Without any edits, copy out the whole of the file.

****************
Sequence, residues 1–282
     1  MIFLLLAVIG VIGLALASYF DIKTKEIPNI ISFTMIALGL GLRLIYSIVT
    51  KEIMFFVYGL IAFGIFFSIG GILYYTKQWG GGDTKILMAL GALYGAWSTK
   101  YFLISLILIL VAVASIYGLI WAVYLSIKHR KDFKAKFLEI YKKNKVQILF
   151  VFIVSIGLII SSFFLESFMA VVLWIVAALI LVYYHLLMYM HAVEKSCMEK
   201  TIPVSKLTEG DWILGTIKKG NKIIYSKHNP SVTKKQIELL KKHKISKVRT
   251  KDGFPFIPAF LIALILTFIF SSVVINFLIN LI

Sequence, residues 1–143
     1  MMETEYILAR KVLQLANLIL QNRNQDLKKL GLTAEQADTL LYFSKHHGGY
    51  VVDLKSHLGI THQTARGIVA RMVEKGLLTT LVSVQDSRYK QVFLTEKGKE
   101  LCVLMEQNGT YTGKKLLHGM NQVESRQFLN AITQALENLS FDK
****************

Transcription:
Sequence, residues 1–282
     1  MIFLLLAVIG VIGLALASYF DIKTKEIPNI ISFTMIALGL GLRLIYSIVT
    51  KEIMFFVYGL IAFGIFFSIG GILYYTKQWG GGDTKILMAL GALYGAWSTK
   101  YFLISLILIL VAVASIYGLI WAVYLSIKHR KDFKAKFLEI YKKNKVQILF
   151  VFIVSIGLII SSFFLESFMA VVLWIVAALI LVYYHLLMYM HAVEKSCMEK
   201  TIPVSKLTEG DWILGTIKKG NKIIYSKHNP SVTKKQIELL KKHKISKVRT
   251  KDGFPFIPAF LIALILTFIF SSVVINFLIN LI

Sequence, residues 1–143
     1  MMETEYILAR KVLQLANLIL QNRNQDLKKL GLTAEQADTL LYFSKHHGGY
    51  VVDLKSHLGI THQTARGIVA RMVEKGLLTT LVSVQDSRYK QVFLTEKGKE
   101  LCVLMEQNGT YTGKKLLHGM NQVESRQFLN AITQALENLS FDK